When Tucson Padres outfielder Travis Buck started in right field for the Oakland A's on opening day in 2007, he was ecstatic.
Baseball America rated him as the top prospect in the Oakland organization, but the start still came as a surprise.
"It was an unbelievable feeling," Buck said before Friday night's 3-0 loss to the Colorado Springs Sky Sox at Kino Stadium.
On that early April day in 2007, first baseman Dan Johnson was injured, shifting Nick Swisher from right field to first and giving Buck his first career major-league start less than two years after he was drafted in the first round out of Arizona State.
He did well, going 1 for 3 with a double off Seattle Mariners ace Felix Hernandez, and finished the season with a .288 average, seven home runs and 34 RBIs in 82 games.
By the time Oakland let Buck go in 2010, though, he couldn't wait to get out, a feeling prompted by strained relationships with "people in the organization."
"It turned out to not be a good fit for me," Buck said. "You know, there were times when I was in the big leagues and it wasn't fun. I didn't like coming to the ballpark. Baseball's a game. It's supposed to be fun. I just had that feeling that it was a bad environment for me" in Oakland.
The stress that came with his discontentment led to a number of injuries popping up "out of the blue," and his career has been plagued by them ever since. He recently missed three games due to a "small case of whiplash."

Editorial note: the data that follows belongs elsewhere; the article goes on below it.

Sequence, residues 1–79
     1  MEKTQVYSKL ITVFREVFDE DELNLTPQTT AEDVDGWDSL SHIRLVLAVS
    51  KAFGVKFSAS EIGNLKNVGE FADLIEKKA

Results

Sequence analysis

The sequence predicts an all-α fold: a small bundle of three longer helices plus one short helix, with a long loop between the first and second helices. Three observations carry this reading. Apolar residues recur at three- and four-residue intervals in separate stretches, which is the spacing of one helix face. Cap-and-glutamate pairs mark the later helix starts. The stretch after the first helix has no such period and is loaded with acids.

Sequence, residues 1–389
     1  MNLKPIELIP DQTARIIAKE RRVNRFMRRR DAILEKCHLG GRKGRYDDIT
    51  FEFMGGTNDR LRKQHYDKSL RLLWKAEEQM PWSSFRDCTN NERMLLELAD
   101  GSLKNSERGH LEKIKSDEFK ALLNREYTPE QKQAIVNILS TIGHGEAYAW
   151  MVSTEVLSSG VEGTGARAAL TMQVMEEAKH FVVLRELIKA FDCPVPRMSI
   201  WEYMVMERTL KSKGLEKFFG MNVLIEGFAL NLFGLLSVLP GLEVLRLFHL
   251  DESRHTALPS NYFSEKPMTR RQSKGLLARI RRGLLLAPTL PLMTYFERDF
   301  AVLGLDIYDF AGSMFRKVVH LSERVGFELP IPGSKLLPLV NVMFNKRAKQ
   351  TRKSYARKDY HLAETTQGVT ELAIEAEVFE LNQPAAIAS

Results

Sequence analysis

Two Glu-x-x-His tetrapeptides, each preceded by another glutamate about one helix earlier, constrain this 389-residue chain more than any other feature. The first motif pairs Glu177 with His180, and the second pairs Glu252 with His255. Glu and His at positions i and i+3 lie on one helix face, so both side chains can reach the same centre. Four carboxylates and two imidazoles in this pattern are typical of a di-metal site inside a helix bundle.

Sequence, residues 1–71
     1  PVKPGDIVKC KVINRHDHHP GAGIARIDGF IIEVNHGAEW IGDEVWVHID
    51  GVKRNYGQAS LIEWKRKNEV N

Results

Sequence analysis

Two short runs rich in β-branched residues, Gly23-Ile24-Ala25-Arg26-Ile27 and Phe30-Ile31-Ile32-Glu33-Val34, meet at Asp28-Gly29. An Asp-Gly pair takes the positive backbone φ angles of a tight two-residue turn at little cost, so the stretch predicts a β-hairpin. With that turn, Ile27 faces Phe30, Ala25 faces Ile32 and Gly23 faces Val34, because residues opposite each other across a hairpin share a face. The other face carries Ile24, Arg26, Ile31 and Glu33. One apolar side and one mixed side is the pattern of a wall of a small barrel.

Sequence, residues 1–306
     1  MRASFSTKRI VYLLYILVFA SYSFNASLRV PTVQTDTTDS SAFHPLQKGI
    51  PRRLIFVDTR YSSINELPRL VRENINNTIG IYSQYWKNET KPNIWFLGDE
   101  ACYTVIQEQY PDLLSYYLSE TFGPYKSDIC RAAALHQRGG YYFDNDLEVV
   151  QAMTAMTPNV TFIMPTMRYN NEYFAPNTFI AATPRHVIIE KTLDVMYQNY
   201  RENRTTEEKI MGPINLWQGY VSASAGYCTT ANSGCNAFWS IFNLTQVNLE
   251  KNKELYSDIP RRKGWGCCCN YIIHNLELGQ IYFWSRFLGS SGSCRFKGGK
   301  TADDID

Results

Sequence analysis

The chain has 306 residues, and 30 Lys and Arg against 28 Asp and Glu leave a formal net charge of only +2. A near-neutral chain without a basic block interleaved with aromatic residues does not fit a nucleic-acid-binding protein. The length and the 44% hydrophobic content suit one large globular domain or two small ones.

In his six years in the big leagues, including four seasons in Oakland and one each in Cleveland and Houston, he played in 253 games with a .243 batting average.
"You're not playing every day," Padres manager Pat Murphy said, "and you're trying to prove yourself. When you're trying to prove yourself, you're not trying to be yourself. Travis just has to be himself and that's the key: Can you be yourself? I just believe in Travis, and know it's just a matter of time before he hits his stride and gets his opportunity, and I think he'll do well."
Buck is having a solid season for the Padres - .317 average, two home runs, team-leading 17 RBIs before Friday night's game.
But what has impressed Murphy is the leadership role Buck has taken with the younger players, which is a rarity in minor-league baseball.
Buck, 29, wants to get back to the big leagues, and he wants to help his Padres teammates get there too.
"I've been through everything," Buck said. "I've made it to the major leagues, I've been the face of a franchise, and I've had my own bobble head. I've been through a lot of experiences, both good and bad as a player. I understand now how much more this is a business, and I just try to help guys realize that."
• Who: Colorado Springs at Tucson
• When: 7:05 p.m.